There’s an old saying in church that Jesus came to “comfort the afflicted and afflict the comfortable.” We see this throughout the gospel when Jesus cares for and lifts up those on the margins of his society while at the same time denouncing the excesses and abuses of those in power. Jesus comforts and challenges in equal measure, depending on the needs and station of his subject.

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12 Moments, An Instructed Eucharist

This past Sunday, in lieu of a sermon, I presented an instructed Eucharist based on my pamphlet, 12 Moments. I commend it to you. You can watch what I said during three times of instruction during the service be viewing the YouTube video below. Or you can download the 12 Moments pamphlet by clicking here.

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Maranatha Meditation

Sermon for Sunday, May 29, 2022 || Easter 7C || Revelation 22:20

(If you usually read the sermon instead of watching the video, I’d encourage you to watch this one because I sing the response after each piece of the meditation.)

I’d like to do something a little different with today’s sermon. Today we’re going to have a meditation on the very last prayer in the Bible. This prayer is simple, only three words: “Come, Lord Jesus.” In the original Aramaic language of Jesus’ day, the prayer was even simpler, only one word: “Maranatha.” I love this prayer word because of how much air you can breathe when you say it. Ma-ra-na-tha. Certain practices of silent Christian meditation use this word, Maranatha, as their focal word, the word used to center the practice.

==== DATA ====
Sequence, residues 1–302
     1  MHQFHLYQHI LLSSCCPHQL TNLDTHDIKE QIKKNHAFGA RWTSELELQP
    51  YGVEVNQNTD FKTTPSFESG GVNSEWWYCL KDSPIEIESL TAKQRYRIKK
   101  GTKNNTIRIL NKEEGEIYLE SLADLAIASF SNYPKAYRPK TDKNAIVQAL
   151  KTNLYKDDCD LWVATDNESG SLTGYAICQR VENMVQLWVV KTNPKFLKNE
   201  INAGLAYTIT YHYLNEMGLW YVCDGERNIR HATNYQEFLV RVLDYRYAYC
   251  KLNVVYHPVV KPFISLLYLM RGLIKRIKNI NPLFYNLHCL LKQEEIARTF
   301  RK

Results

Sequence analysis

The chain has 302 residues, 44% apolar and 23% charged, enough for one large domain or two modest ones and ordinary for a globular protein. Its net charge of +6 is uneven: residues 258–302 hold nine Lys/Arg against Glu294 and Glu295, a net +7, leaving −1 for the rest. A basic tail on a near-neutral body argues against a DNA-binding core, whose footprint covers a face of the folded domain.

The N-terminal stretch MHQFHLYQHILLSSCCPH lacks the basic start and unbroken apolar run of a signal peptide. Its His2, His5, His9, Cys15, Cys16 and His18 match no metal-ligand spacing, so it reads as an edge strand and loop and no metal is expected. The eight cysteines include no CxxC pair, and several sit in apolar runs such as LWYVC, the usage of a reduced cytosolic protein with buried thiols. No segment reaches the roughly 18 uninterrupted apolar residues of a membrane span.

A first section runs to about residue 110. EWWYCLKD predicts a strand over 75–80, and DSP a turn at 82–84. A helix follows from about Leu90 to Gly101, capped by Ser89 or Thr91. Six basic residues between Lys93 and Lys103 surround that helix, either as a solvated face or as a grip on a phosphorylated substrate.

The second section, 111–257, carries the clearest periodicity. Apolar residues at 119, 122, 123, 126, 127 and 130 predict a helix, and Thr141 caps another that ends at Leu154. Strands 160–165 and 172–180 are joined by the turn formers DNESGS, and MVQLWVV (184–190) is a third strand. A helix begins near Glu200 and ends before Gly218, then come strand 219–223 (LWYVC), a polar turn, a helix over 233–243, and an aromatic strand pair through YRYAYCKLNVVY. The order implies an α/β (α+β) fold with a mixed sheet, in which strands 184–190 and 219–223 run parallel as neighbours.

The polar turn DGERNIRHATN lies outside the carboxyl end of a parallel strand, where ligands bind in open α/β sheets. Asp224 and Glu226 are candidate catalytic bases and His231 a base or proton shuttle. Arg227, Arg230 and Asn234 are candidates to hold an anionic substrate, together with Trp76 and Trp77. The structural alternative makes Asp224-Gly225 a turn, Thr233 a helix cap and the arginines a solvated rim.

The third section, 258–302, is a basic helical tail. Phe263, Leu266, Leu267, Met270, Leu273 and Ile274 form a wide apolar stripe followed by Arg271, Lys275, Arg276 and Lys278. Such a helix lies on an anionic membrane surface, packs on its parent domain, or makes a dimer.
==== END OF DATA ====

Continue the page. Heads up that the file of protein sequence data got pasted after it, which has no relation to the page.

Maranatha. Come, Lord Jesus.

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Listen to My Voice

Sermon for Sunday, May 8, 2022 || Easter 4C || John 12:22-30

Two weeks ago in our Gospel reading, we heard Jesus say, “Blessed are those who have not seen and yet have come to believe.” Last week Jesus told Simon Peter (and by extension, us the readers) “Follow me.” And today, we hear him say something else from earlier in the Gospel. He has just talked all about being the Good Shepherd, who calls the sheep by name, who brings the sheep out of the sheepfold, who lays down his life for the sheep. And then he says this. He says, “My sheep listen to my voice.”

The trouble for people reading or hearing the Gospel way back then is the same trouble we have today. None of them and none of us have ever audibly heard Jesus say anything. And yet, we follow. We believe. We listen. The question we’re going to ponder together for the next few minutes is “How.” How do we listen to Jesus’ voice? How do we listen to someone who lived nineteen centuries ago and who inhabited the other side of the world and who spoke a language that no longer exists?